Visual Impairments Nonrefractive visual impairments, the kind that can’t be corrected by glasses, have reportedly increased 21% overall and 40% among non-Hispanic whites aged 20 to 39 years compared to a decade ago. The researchers who conducted the study claim that their results show a link between loss of vision and rising diabetes among the US populace.

Visual impairment diseases like  glaucoma and cataract can only be corrected by laser treatment or surgery, and even then vision is far being restored to its former performance. In some cases, permanent loss of vision has been experienced, and the researchers at  Johns Hopkins University School of Medicine, Baltimore, Maryland who conducted the study claim that as diabetes rates continue to rise, some complications tied to the disease are expected to spike as well.

“These are really dramatic findings, and they’re kind of the tip of the iceberg of what’s coming ahead,” said David Friedman from the Wilmer Eye Institute of Johns Hopkins University School of Medicine, who worked on the study.

Friedman and colleagues, analyzed  data from 2 study periods of the National Health and Nutrition Examination Survey. Their findings were staggering at least – 1.4 percent of the 9,471 adults examined in 1999 through 2002 had nonrefractive vision impairment, compared to 1.7 percent of the 10,480 people tested in 2005 through 2008.

People suffering from diabetes for more than 10 years are at a greater risk of becoming exposed to nonrefractive visual impairments. Diabetes can lead fluid accumulations in the retina or the apparition of new blood vessels behind the eye triggered by lack of oxygen. This claim is boosted by the present findings which report the number of study subjects who’d had diabetes for at least ten years also increased, from 2.8 percent to 3.6 percent.

“The only (association) that got worse and got dramatically worse is diabetes, and not just diabetes, but diabetes for a long time,” Friedman.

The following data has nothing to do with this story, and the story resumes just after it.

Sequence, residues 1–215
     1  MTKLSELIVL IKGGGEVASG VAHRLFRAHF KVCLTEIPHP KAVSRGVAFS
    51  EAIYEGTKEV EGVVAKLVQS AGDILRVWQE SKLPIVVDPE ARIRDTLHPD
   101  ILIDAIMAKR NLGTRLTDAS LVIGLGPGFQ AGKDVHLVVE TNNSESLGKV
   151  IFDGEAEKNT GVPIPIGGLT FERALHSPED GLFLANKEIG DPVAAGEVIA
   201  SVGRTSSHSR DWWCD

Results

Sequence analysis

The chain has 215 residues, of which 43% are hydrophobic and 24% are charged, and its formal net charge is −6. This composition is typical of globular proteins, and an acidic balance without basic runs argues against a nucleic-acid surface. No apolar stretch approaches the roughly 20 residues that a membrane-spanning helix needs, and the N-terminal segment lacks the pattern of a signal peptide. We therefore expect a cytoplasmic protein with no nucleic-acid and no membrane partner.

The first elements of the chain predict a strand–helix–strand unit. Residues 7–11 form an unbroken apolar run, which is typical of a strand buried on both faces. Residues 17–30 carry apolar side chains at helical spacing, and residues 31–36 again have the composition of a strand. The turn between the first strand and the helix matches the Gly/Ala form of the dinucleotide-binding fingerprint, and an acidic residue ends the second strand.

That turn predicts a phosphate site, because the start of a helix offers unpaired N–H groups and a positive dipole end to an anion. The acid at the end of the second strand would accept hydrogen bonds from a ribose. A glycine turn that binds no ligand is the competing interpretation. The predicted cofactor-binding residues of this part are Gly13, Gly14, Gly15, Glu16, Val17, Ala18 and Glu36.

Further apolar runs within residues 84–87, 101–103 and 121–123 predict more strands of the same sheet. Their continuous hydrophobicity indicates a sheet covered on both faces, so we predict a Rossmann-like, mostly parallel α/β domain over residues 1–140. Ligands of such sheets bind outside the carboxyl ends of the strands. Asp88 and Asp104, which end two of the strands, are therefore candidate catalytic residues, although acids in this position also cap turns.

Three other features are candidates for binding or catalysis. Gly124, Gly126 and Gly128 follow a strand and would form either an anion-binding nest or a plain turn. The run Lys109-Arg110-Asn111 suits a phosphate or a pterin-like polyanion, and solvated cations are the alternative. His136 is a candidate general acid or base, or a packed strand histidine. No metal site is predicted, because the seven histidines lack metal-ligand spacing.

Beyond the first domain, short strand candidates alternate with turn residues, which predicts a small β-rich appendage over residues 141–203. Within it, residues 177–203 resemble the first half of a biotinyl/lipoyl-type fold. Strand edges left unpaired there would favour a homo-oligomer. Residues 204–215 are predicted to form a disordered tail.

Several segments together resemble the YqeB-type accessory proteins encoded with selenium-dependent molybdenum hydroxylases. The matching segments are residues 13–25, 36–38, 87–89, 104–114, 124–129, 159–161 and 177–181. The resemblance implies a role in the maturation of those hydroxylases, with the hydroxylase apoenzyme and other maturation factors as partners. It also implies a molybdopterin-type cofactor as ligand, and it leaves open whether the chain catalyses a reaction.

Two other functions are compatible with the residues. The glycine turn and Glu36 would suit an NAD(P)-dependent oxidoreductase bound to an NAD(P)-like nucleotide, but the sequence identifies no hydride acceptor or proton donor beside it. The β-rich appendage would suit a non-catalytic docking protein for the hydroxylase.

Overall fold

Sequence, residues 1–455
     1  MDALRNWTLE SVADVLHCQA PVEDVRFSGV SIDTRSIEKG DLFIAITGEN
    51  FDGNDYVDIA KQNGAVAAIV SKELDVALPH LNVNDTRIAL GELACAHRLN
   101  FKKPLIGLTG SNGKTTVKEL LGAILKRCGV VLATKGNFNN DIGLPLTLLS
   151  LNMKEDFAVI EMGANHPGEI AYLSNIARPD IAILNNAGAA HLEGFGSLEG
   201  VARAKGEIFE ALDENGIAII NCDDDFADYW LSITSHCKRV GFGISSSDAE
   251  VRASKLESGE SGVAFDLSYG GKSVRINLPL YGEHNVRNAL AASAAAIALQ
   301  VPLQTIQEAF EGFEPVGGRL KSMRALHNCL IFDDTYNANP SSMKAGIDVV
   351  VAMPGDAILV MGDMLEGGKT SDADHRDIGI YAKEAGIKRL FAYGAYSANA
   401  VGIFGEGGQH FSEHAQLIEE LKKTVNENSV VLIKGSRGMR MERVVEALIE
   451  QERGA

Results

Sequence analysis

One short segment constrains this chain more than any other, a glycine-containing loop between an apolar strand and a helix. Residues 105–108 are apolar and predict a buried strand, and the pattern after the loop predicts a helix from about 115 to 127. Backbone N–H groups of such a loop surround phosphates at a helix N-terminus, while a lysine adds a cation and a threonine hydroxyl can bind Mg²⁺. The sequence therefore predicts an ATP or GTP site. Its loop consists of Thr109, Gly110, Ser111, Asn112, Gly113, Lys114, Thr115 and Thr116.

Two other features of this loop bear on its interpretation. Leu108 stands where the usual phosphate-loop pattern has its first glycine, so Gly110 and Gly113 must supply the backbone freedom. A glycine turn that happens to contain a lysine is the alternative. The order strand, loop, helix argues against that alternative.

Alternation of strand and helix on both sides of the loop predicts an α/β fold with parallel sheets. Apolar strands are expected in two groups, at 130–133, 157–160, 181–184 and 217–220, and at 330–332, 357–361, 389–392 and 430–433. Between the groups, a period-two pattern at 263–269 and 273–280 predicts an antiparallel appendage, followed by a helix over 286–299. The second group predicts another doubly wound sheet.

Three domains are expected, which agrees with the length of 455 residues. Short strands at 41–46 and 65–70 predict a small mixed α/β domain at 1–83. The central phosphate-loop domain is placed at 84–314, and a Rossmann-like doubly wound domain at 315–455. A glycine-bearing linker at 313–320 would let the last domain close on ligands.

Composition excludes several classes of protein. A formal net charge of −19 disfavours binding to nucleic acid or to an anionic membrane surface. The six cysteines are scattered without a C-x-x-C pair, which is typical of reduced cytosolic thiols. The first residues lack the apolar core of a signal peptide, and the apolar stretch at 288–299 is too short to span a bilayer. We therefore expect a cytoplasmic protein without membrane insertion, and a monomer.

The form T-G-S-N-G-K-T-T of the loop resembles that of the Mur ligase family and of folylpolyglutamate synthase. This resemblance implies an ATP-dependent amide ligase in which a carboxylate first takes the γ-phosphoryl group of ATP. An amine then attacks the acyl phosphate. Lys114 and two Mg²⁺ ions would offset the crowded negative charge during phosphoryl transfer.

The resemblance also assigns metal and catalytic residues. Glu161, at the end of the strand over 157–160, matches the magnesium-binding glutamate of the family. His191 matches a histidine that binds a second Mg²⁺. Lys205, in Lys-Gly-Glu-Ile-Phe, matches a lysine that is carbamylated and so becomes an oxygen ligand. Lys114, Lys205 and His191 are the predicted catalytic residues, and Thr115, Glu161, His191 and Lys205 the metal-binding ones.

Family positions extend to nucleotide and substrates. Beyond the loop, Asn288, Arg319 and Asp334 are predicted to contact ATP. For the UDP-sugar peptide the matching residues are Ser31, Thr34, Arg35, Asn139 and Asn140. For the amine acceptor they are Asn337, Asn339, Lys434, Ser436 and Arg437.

Other important harmful factors that may have lead to the development of non-refractive vision loss like  lack of health insurance, lower education level, and poverty remained stable. So, though the researchers can’t prove directly through a cause-effect method that indeed diabetes comes hand-in-hand with vision loss, the correlation serves as a faithful indicator.

Not to be taken lightly

Although non-refractive vision loss isn’t the same thing as being completely blind, it severely restricts the people suffering from such disease from living a normal and independent life.

“Virtually all permanent blindness from diabetes can be prevented with proper vision screening. The current [recommendation] of the American Academy of Ophthalmology, as well as many organizations, is to have an annual screening if you are an adult diabetic. People with diabetes need an eye exam every year so we can prevent permanent vision loss from it,” Dr. Friedman explained.

The researchers emphasize that obesity, an ever growing issue in America and through the rest of the world as a matter of fact, shouldn’t be ignored. Obesity is strongly linked with diabetes, as well as other diseases, including dementia.

Findings were reported in the Journal of the American Medical Association.